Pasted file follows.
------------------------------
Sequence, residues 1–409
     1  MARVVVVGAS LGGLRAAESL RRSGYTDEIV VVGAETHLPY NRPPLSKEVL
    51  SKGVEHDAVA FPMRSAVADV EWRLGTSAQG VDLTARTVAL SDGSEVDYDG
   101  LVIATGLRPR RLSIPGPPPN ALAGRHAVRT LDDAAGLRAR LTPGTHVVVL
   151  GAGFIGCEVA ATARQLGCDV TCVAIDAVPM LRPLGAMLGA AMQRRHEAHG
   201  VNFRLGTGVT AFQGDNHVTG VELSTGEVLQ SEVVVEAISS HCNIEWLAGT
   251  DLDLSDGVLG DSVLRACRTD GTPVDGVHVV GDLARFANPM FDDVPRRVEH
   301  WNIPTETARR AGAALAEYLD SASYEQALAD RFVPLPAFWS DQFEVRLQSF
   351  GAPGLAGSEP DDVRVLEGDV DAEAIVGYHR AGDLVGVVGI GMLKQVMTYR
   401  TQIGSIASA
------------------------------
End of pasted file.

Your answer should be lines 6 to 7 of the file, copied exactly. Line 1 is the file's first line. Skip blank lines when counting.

   201  VNFRLGTGVT AFQGDNHVTG VELSTGEVLQ SEVVVEAISS HCNIEWLAGT
   251  DLDLSDGVLG DSVLRACRTD GTPVDGVHVV GDLARFANPM FDDVPRRVEH